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The Determinants of Overeducation: Different Measures, Different Outcomes?

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Author Info

  • D. VERHAEST

    ()

  • E. OMEY

    ()

Abstract

Purpose of the paper - To assess the sensitivity of the estimated determinants of overeducation to the used overeducation measure. Design/Methodology/Approach - We analyse the determinants of overeducation among Flemish school leavers in their first job by means of probit regression analysis. Overeducation is measured on the basis of job analysis, self-assessments and realised matches. Findings - Our results demonstrate that the application of different overeducation measures sometimes leads to different outcomes. Only a few variables – for instance the student’s academic grade in the final year – are consistently found to be important for the explanation of overeducation. Some outcomes are consistent with the supposition that some indicators actually measure other concepts. Research limitations/Implications - Further research using job analysis measures that are based on alternative and more recent occupational classifications would be useful. Practical Implications - Measuring overeducation in various ways is recommendable to make reliable conclusions. At least, a careful consideration of the extent to which the measure used really captures overeducation is needed. Originality/Value - The application of different measures provides further insight into the overeducation measurement problem.

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Bibliographic Info

Paper provided by Ghent University, Faculty of Economics and Business Administration in its series Working Papers of Faculty of Economics and Business Administration, Ghent University, Belgium with number 09/592.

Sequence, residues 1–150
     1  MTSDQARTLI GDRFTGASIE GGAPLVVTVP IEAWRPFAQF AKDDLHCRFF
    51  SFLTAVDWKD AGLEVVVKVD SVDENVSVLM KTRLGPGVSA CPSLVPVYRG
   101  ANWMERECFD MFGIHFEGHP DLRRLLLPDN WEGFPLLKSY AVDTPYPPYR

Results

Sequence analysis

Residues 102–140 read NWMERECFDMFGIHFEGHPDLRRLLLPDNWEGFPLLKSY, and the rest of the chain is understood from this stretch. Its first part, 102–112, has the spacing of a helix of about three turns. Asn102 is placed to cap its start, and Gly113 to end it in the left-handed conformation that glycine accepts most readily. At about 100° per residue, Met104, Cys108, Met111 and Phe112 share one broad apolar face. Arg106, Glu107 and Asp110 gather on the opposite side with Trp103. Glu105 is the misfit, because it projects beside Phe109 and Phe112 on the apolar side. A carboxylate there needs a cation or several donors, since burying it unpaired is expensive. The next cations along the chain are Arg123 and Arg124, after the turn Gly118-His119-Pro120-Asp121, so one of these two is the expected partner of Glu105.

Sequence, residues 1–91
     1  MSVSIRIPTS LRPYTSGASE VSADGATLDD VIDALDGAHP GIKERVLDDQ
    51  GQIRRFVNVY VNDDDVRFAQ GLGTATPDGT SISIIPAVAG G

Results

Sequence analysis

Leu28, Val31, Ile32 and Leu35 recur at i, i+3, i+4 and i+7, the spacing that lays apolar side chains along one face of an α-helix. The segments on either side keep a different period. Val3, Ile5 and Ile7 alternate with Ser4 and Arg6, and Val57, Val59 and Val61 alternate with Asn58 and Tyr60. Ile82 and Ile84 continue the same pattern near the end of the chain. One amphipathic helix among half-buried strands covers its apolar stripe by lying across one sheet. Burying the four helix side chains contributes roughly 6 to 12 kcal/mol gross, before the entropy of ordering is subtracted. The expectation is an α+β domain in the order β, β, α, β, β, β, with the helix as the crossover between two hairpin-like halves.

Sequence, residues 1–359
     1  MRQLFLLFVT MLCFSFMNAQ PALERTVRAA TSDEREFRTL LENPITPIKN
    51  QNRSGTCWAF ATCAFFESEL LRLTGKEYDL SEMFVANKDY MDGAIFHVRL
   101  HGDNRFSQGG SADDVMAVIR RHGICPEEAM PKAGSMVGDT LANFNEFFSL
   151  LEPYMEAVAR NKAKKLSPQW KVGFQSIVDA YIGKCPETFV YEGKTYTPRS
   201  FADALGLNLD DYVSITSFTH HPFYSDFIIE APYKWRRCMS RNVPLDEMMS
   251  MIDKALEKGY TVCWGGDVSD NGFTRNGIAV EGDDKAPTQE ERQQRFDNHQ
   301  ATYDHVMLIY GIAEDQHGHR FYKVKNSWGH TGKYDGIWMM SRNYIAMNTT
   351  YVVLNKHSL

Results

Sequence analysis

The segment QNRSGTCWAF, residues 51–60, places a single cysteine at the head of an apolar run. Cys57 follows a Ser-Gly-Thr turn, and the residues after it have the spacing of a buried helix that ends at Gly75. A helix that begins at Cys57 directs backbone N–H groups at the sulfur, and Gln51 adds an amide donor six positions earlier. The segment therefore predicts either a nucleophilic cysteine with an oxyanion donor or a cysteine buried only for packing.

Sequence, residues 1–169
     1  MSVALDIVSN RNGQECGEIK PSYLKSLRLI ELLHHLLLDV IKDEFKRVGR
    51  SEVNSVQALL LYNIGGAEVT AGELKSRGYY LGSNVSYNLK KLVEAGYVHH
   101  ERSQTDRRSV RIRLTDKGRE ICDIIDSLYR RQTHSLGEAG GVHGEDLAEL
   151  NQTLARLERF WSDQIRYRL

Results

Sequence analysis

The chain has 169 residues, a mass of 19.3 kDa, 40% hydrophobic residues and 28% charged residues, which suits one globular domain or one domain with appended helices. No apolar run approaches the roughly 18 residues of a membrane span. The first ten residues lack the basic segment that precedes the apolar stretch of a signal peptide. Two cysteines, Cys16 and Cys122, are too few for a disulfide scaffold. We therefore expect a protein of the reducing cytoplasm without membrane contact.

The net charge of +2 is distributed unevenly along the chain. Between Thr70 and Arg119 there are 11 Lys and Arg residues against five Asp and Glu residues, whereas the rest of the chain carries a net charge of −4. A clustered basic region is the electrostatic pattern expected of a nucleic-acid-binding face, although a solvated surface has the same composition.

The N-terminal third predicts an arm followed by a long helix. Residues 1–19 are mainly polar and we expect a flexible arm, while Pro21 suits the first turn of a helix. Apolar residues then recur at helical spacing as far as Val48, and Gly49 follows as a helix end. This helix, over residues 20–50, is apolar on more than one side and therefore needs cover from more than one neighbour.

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Length: 34 pages
Date of creation: Jun 2009
Date of revision:
Handle: RePEc:rug:rugwps:09/592

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Keywords: mismatch; overqualification; underemployment; measurement error;

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References

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Citations

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Cited by:
  1. Giuseppe Lucio Gaeta, 2013. "Was it worth it? An empirical analysis of over-education among Ph.D. recipients in Italy," Working Papers 1302, c.MET-05 - Centro interuniversitario di Economia Applicata alle Politiche per L'industria, lo Sviluppo locale e l'Internazionalizzazione.
  2. Verhaest Dieter & Velden Rolf van der, 2010. "Cross-country differences in graduate overeducation and its persistence," ROA Research Memorandum 007, Maastricht University, Research Centre for Education and the Labour Market (ROA).
  3. Stijn Baert & Bart Cockx & Dieter Verhaest, 2012. "Overeducation at the Start of the Career - Stepping Stone or Trap?," CESifo Working Paper Series 3825, CESifo Group Munich.
  4. Antonio Di Paolo & Anna Matas & Josep Lluís Raymond, 2014. "Job accessibility, employment and job-education mismatch in the metropolitan area of Barcelona," Working Papers XREAP2014-05, Xarxa de Referència en Economia Aplicada (XREAP), revised May 2014.
  5. Dieter Verhaest & Eddy Omey, 2012. "Overeducation, Undereducation and Earnings: Further Evidence on the Importance of Ability and Measurement Error Bias," Journal of Labor Research, Springer, vol. 33(1), pages 76-90, March.
  6. Mañé Vernet, Ferran & Miravet, Daniel, 2010. "Sobreeducación y Sobrecualificación en los Universitarios Catalanes. Una perspectiva de género," Working Papers 2072/179592, Universitat Rovira i Virgili, Department of Economics.
  7. Dieter Verhaest & Eddy Omey, 2010. "The determinants of overeducation: different measures, different outcomes?," International Journal of Manpower, Emerald Group Publishing, vol. 31(6), pages 608-625, September.
  8. Verhaest, Dieter & Schatteman, Tom, 2010. "Overeducation in the early career: an analysis using sequence techniques," Working Papers 2010/09, Hogeschool-Universiteit Brussel, Faculteit Economie en Management.
  9. Brahim Boudarbat & Claude Montmarquette, 2013. "Origine et sources de la surqualification dans la région métropolitaine de Montréal," CIRANO Project Reports 2013rp-08, CIRANO.
  10. Carroll, David & Tani, Massimiliano, 2013. "Job Search as a Determinant of Graduate Over-Education: Evidence from Australia," IZA Discussion Papers 7202, Institute for the Study of Labor (IZA).
  11. Santiago Budría, 2011. "Are Educational Mismatches Responsible for the ‘Inequality Increasing Effect’ of Education?," Social Indicators Research, Springer, vol. 102(3), pages 409-437, July.

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